We determined the effect of long-term aerobic swimming training regimens of different intensities on colonic carcinogenesis in rats. Male Wistar rats (11 weeks old) were given 4 subcutaneous injections (40 mg/kg body weight each) of 1,2-dimethyl-hydrazine (DMH, dissolved in 0.9% NaCl containing 1.5% EDTA, pH 6.5), at 3-day intervals and divided into three exercise groups that swam with 0% body weight (EG1, N = 11), 2% body weight (EG2, N = 11), and 4% body weight of load (EG3, N = 10), 20 min/day, 5 days/week for 35 weeks, and one sedentary control group (CG, N = 10). At sacrifice, the colon was removed and counted for tumors and aberrant crypt foci. Tumor size was measured and intra-abdominal fat was weighed. The mean number of aberrant crypt foci was reduced only for EG2 compared to CG (26.21 ± 2.99 vs 36.40 ± 1.53 crypts; P < 0.05). Tumor incidence was not significantly different among groups (CG: 90%; EG1: 72.7%; EG2: 90%; EG3: 80%). Swimming training did not affect either tumor multiplicity (CG: 2.30 ± 0.58; EG1: 2.09 ± 0.44; EG2: 1.27 ± 0.19; EG3: 1.50 ± 0.48 tumors) or size (CG: 1.78 ± 0.24; EG1: 1.81 ± 0.14; EG2: 1.55 ± 0.21; EG3: 2.17 ± 0.22 cm³). Intra-abdominal fat was not significantly different among groups (CG: 10.54 ± 2.73; EG1: 6.12 ± 1.15; EG2: 7.85 ± 1.24; EG3: 5.11 ± 0.74 g). Aerobic swimming training with 2% body weight of load protected against the DMH-induced preneoplastic colon lesions, but not against tumor development in the rat.
Physical exercise; Exercise intensity; 1,2-Dimethylhydrazine; Colorectal carcinoma; Aberrant crypt foci
Braz J Med Biol Res, November 2008, Volume 41(11) 1000-1004
Long-term aerobic swimming training by rats reduces the number of aberrant crypt foci in 1,2-dimethylhydrazine-induced colon cancer
1Departamento de Nutrição e Saúde, 2Departamento de Educação Física, Universidade Federal de Viçosa, Viçosa, MG, Brasil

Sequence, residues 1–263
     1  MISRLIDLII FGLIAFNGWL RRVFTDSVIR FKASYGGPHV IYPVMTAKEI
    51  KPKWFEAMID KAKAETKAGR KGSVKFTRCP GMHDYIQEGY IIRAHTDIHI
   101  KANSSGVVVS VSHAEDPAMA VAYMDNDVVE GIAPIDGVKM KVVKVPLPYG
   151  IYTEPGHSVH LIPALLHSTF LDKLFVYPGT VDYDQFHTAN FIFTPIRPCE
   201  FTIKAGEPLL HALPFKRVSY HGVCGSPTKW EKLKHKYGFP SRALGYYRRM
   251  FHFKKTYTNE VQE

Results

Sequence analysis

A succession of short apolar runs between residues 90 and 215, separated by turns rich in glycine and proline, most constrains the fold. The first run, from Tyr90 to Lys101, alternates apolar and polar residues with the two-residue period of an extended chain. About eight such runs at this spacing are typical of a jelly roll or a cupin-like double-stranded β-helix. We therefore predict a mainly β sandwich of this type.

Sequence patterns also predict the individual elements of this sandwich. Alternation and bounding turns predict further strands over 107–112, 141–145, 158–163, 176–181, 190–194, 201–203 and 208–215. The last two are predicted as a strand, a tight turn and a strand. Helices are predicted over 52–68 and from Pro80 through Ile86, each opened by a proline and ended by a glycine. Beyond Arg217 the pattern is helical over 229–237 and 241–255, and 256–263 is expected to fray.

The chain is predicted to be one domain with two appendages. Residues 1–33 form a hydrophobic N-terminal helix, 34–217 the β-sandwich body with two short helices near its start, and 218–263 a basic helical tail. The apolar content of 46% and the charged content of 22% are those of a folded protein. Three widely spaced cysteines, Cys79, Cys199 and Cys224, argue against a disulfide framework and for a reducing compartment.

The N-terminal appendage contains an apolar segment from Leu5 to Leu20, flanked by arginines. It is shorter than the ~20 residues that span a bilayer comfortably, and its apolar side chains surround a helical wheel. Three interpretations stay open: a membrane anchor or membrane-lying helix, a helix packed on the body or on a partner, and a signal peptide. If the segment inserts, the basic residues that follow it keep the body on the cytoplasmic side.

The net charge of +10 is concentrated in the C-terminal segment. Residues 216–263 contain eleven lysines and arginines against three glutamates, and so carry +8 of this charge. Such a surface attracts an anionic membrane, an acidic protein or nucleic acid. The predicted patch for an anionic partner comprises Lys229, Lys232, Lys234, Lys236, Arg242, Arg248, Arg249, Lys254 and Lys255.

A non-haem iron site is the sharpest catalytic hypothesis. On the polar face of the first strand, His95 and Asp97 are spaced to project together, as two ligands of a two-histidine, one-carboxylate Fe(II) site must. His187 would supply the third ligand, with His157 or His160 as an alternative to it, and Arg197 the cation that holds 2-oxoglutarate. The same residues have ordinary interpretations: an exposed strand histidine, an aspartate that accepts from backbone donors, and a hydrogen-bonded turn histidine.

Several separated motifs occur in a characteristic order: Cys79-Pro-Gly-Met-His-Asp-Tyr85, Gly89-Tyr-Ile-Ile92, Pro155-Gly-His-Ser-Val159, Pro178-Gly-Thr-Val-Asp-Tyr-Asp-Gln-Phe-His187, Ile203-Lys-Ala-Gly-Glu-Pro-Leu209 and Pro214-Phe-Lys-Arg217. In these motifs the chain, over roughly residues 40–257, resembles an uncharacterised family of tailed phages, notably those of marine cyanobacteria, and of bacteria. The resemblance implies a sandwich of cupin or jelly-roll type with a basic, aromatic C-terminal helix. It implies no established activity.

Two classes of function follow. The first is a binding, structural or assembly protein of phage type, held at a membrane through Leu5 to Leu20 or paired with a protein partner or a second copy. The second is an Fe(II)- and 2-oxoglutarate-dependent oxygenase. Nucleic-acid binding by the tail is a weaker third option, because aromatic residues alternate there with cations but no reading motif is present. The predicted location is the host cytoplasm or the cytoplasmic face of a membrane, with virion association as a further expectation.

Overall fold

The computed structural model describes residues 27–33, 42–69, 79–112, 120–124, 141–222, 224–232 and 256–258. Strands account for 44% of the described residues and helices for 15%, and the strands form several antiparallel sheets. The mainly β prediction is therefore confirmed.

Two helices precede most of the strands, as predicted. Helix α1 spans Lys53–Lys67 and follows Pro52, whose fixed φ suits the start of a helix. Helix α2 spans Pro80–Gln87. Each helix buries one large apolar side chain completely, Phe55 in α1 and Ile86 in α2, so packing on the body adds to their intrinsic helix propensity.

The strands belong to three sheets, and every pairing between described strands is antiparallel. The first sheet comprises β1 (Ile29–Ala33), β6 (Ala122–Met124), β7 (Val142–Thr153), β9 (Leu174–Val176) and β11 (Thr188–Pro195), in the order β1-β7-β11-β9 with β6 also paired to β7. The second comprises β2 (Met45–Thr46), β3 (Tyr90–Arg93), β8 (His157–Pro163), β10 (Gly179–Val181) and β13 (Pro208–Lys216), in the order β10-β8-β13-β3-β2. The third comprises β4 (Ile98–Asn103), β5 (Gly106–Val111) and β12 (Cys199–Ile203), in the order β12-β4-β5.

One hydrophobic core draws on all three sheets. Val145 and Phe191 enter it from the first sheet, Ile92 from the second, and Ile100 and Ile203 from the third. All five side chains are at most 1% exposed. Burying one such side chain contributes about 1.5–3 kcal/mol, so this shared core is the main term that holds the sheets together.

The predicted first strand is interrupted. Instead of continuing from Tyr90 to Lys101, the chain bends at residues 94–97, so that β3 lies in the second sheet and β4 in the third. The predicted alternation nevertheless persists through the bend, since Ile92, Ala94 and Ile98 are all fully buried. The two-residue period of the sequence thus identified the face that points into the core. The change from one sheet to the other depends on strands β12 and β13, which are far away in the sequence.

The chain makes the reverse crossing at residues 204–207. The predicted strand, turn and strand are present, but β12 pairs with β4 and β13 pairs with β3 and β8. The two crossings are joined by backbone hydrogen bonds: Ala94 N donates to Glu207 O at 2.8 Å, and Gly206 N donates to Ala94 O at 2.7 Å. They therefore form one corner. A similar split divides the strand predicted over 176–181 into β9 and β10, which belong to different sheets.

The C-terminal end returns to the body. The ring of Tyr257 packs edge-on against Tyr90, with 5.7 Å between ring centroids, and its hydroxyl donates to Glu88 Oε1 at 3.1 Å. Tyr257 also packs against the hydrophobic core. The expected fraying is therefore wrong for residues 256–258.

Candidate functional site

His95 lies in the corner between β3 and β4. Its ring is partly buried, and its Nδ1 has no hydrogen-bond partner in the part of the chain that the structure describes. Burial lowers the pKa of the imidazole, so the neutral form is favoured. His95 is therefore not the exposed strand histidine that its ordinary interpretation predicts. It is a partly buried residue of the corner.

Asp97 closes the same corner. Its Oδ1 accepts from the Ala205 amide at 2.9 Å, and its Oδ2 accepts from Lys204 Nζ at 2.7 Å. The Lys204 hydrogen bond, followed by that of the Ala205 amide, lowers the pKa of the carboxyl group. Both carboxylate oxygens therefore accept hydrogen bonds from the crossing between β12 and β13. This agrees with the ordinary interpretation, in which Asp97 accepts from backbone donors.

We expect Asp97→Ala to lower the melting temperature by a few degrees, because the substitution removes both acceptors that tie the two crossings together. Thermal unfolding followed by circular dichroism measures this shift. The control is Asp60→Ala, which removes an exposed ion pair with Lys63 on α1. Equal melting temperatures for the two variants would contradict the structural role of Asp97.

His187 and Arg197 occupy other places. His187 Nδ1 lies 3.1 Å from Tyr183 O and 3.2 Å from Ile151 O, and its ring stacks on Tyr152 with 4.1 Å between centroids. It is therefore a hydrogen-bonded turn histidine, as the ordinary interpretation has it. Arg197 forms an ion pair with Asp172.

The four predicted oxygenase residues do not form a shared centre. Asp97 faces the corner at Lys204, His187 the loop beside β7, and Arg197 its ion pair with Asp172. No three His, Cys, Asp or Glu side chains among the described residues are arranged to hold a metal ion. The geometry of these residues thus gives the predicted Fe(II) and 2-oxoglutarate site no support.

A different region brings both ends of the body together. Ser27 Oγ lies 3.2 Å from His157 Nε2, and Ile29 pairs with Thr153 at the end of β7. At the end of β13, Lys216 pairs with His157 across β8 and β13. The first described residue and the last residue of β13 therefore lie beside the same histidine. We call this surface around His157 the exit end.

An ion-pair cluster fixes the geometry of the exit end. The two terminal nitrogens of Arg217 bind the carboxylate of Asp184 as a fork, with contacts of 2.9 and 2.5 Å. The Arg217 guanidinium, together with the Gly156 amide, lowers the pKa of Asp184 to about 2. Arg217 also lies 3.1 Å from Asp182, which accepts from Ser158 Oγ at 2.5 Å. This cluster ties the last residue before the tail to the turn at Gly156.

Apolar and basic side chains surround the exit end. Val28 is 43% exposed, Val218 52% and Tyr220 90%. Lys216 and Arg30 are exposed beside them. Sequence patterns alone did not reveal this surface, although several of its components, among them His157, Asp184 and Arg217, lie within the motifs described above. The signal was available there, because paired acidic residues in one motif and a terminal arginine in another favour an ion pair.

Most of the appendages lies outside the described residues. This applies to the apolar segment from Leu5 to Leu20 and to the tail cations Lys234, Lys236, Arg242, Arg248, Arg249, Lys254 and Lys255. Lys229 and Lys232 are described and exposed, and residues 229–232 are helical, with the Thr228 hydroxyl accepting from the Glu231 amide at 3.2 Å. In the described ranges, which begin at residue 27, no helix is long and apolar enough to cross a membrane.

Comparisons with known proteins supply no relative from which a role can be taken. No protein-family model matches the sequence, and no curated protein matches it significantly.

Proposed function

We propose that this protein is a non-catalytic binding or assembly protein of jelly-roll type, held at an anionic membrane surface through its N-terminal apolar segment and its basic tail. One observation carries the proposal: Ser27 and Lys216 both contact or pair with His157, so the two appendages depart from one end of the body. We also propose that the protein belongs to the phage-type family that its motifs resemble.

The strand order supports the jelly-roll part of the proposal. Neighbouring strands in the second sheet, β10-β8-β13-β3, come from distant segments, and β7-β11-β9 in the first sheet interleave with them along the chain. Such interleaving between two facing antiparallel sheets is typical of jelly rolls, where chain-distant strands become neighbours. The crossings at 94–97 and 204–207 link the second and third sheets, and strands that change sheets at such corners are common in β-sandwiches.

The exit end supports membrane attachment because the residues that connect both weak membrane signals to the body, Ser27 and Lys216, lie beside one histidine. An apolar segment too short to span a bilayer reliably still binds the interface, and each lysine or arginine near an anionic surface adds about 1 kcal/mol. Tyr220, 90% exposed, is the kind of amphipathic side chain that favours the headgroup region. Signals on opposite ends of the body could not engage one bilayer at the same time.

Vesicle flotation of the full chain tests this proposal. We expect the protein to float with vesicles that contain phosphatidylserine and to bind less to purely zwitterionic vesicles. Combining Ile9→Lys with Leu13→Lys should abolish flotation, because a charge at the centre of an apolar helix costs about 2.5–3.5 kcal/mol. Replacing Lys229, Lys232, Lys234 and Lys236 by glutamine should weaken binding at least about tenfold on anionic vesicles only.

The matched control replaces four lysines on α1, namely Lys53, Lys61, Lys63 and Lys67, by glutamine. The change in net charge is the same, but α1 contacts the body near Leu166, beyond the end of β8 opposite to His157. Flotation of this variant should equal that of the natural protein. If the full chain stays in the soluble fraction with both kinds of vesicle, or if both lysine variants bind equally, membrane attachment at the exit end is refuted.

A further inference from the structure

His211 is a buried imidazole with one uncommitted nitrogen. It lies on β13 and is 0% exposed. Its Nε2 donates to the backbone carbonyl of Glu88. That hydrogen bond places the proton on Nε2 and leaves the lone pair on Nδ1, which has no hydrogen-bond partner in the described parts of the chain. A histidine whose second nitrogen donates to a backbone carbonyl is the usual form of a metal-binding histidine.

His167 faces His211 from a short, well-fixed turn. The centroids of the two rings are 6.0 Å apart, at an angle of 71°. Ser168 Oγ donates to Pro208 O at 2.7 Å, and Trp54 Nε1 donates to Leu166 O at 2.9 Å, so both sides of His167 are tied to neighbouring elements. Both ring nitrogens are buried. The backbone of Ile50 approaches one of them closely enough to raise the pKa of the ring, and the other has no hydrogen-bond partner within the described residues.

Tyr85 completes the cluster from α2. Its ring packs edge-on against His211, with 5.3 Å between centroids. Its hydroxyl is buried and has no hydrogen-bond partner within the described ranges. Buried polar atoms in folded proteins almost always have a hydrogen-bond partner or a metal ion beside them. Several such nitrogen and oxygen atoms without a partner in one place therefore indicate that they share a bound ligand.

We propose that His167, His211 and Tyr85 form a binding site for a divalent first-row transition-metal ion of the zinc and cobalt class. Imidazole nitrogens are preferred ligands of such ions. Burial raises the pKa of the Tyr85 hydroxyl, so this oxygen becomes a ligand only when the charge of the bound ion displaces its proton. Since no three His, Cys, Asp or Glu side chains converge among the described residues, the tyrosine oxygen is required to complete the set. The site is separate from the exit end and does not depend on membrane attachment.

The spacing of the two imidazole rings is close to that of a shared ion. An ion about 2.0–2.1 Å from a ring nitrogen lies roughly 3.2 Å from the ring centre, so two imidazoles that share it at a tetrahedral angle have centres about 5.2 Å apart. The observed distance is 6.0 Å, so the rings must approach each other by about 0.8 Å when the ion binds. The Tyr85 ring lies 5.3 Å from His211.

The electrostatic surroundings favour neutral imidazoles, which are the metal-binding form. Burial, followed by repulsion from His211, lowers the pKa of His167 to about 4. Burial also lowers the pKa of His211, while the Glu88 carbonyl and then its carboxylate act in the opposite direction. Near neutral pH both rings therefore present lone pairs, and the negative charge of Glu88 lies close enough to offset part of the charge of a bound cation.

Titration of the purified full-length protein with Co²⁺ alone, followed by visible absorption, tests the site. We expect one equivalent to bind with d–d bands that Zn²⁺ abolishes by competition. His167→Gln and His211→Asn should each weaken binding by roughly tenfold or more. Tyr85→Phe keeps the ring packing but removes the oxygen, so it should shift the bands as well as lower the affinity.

References Correspondence and Footnotes
We determined the effect of long-term aerobic swimming training regimens of different intensities on colonic carcinogenesis in rats. Male Wistar rats (11 weeks old) were given 4 subcutaneous injections (40 mg/kg body weight each) of 1,2-dimethyl-hydrazine (DMH, dissolved in 0.9% NaCl containing 1.5% EDTA, pH 6.5), at 3-day intervals and divided into three exercise groups that swam with 0% body weight (EG1, N = 11), 2% body weight (EG2, N = 11), and 4% body weight of load (EG3, N = 10), 20 min/day, 5 days/week for 35 weeks, and one sedentary control group (CG, N = 10). At sacrifice, the colon was removed and counted for tumors and aberrant crypt foci. Tumor size was measured and intra-abdominal fat was weighed. The mean number of aberrant crypt foci was reduced only for EG2 compared to CG (26.21 ± 2.99 vs 36.40 ± 1.53 crypts; P < 0.05). Tumor incidence was not significantly different among groups (CG: 90%; EG1: 72.7%; EG2: 90%; EG3: 80%). Swimming training did not affect either tumor multiplicity (CG: 2.30 ± 0.58; EG1: 2.09 ± 0.44; EG2: 1.27 ± 0.19; EG3: 1.50 ± 0.48 tumors) or size (CG: 1.78 ± 0.24; EG1: 1.81 ± 0.14; EG2: 1.55 ± 0.21; EG3: 2.17 ± 0.22 cm3). Intra-abdominal fat was not significantly different among groups (CG: 10.54 ± 2.73; EG1: 6.12 ± 1.15; EG2: 7.85 ± 1.24; EG3: 5.11 ± 0.74 g). Aerobic swimming training with 2% body weight of load protected against the DMH-induced preneoplastic colon lesions, but not against tumor development in the rat.
Key words: Physical exercise; Exercise intensity; 1,2-Dimethylhydrazine; Colorectal carcinoma; Aberrant crypt foci
The process of carcinogenesis can be divided into three major stages: initiation, promotion and progression. Aberrant crypt foci (ACF) are considered to be putative preneoplastic colon lesions that may be early indicators of colon carcinogenesis (1).
Descriptive studies have suggested that an inverse association exists between regular physical activity and the risk of developing colon cancer (2). However, such studies suffer from some methodological limitations such as lack or absence of standardization to assess the frequency, duration and intensity of the activity. Experimental studies on the effects of exercise training on colon cancer, however, have reported controversial results. For example, animal studies have shown that both long-term voluntary (3) and low-intensity treadmill (4) running trainings reduced tumor incidence in rats injected with 1,2-dimethyl-hydrazine (DMH), although, other interventional studies have failed to show the protective effects of short-term moderate-intensity treadmill running training against tumor development in mice with genetic predisposition (APCmin mouse) (5,6). Recently, Fuku et al. (7) found that short-term low-intensity treadmill running training reduced the number of DMH-induced ACF in rats.